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NHS Inquiry: British Healthcare System Caused Up to 13,000 "Needless Deaths" Since 2005

The wonders of government-run healthcare:

The NHS’s medical director will spell out the failings of 14 trusts in England, which between them have been responsible for up to 13,000 “excess deaths” since 2005. Prof Sir Bruce Keogh will describe how each hospital let its patients down badly through poor care, medical errors and failures of management, and will show that the scandal of Stafford Hospital, where up to 1,200 patients died needlessly, was not a one-off. The report will also pile pressure on Labour over its handling of the NHS, with the Conservatives likely to seize on it to attack Andy Burnham, the shadow health secretary who was in charge of the NHS in England from June 2009 until May 2010.


Some findings of the damning Keogh report:

Warning signs were there for managers and ministers to see, including alarming levels of infections, patients suffering from neglect and appalling blunders such as surgery performed on the wrong parts of bodies...In total Sir Brian calculated that up to 13,000 patients died needlessly in that period. His analysis shows that in the last five years of the last Labour government, from 2005 to 2010, eight of the trusts had death rates well above the average in at least four of those years. Mortality rates at Basildon and Thurrock, Blackpool Teaching Hospitals and East Lancashire Hospitals were statistically “high” – persistently above average – in all of the five years to 2010, while Colchester, Dudley, George Eliot, Tameside and United Lincolnshire were “high” in four out of five years before the general election. At the worst hospital, Basildon and Thurrock, the “mortality ratio” from 2005 until last year was 20 per cent above the NHS average, with up to 1,600 more deaths than there would have been if it had the average level of deaths among its patients. However, from 2005 until 2009 the hospital was given a “good” rating by NHS regulators, first the Healthcare Commission, then its successor, the Care Quality Commission.


Keogh Report said: Inspectors found patients were forced to stay up to two weeks in temporary areas without even shower facilities. Others were left in ambulances “stacked” outside A&E as the hospital failed to cope with demand. Patients were repeatedly moved during an in-patient stay.   The report said temporary areas being used for patients were not fit for purpose. Inspectors said: “For example there were no showers for in-patients in AMU [Acute Medical Unit] where patients were staying for periods of up to 14 days.” Staffing levels were not sufficient, with one nurse left caring for 10 patients at a time during a night shift, and patients waiting for 14 hours in casualty.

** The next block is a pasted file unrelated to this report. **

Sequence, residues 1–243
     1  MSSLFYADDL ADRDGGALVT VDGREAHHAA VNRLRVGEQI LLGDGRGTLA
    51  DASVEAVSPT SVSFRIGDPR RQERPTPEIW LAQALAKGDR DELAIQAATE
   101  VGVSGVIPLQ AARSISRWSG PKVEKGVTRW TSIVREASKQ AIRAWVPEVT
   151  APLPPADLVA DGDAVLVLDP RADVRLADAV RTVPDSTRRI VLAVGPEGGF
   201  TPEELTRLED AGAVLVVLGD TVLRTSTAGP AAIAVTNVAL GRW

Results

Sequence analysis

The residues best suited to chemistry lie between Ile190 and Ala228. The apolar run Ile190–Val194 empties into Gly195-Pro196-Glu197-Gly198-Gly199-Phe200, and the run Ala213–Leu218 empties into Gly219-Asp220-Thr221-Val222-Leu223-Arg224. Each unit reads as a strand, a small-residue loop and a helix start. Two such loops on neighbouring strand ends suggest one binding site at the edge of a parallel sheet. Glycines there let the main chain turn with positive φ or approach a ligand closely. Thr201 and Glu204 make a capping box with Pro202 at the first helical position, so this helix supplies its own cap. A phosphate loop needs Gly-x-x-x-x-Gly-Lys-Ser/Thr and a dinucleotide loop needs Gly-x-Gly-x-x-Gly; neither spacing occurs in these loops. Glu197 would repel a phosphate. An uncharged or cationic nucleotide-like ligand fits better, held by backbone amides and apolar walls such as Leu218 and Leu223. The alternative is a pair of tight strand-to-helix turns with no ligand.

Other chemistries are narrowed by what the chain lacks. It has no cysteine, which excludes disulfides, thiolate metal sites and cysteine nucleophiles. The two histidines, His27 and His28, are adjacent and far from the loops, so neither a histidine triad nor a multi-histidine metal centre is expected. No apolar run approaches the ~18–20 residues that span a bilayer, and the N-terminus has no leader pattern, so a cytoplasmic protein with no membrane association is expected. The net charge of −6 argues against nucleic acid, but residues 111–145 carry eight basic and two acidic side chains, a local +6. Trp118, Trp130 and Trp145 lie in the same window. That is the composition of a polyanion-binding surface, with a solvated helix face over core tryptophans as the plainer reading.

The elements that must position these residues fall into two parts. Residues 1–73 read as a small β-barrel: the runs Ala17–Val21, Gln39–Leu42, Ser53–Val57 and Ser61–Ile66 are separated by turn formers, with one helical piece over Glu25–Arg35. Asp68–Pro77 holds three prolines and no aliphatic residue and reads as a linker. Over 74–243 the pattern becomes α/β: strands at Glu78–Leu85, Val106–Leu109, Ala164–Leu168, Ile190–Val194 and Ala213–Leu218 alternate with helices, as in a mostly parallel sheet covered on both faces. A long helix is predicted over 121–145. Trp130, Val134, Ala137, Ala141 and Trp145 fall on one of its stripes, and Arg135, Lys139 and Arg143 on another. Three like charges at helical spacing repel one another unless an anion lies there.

At a recent conference of British doctors, attendees blasted the National Health Service as "worse than Communist China," inveighing against government bureaucrats who have come to dominate patient care:

Doctors at the British Medical Association’s annual conference in Edinburgh called for a system of regulation in response to the Mid Staffordshire Foundation trust scandal, so that managers could be “struck off” for bullying doctors, or putting finances before patients. Dr Peter Holden, a member of the BMA’s GP negotiating committee, said the lack of regulation allowed senior managers to operate in a culture of secrecy and overt bullying, while the most extreme incidents were hidden by gagging clauses. He said: "The result is the perfect toxic professional working environment for this explosive mixture to generate disasters such as Mid Staffordshire which did so much harm to patients. Not even in Communist China did they have managers overruling doctors in the operation of hospitals and health services.

The parade of disgraces at NHS have led some British analysts to call for the "liberalisation" or "privatisation" of the country's creaky, dysfunctional healthcare system.  And throwing more money at the problem isn't a viable solution:

If cash was the answer, than the NHS would be fixed by now. The great Labour mission (pdf) was to take UK health spending to the European average. It’s now 9.8pc of GDP, well clear of the EU average of 9.0pc (pdf). And UK health outcomes are still lousy. During the last decade Gordon Brown conducted a massive experiment: money was his aim, he doubled the NHS budget and saw what happened. The NHS did not (to put it mildly) become twice as good. It just grew fatter and more expensive. Bureaucrats accrued power that would have shocked hospitals in in Communist China (the Commie reference is not mine, but a remark from the recent BMA conference). And it was the power wielded by these  managers, who overruled doctors, which is emerging as the primary fault behind the failings at Stafford Hospital and the others being outlined tomorrow.


Outcomes for British patients are poor, as they are for Americans on Medicaid -- a deeply broken (and broke) federal program that Obamacare expands on a huge scale.  As Britons look themselves in the mirror over the failures of NHS, American leftists continue to fetishize their system.  The Democratic Party's goal remains the eventual imposition of a British-style, government-run, single-payer healthcare system:

As you might father from the accompanying photo and additional protests, the British Left is committed to maintaining their current system -- even especially if it means fending off free-market improvements.

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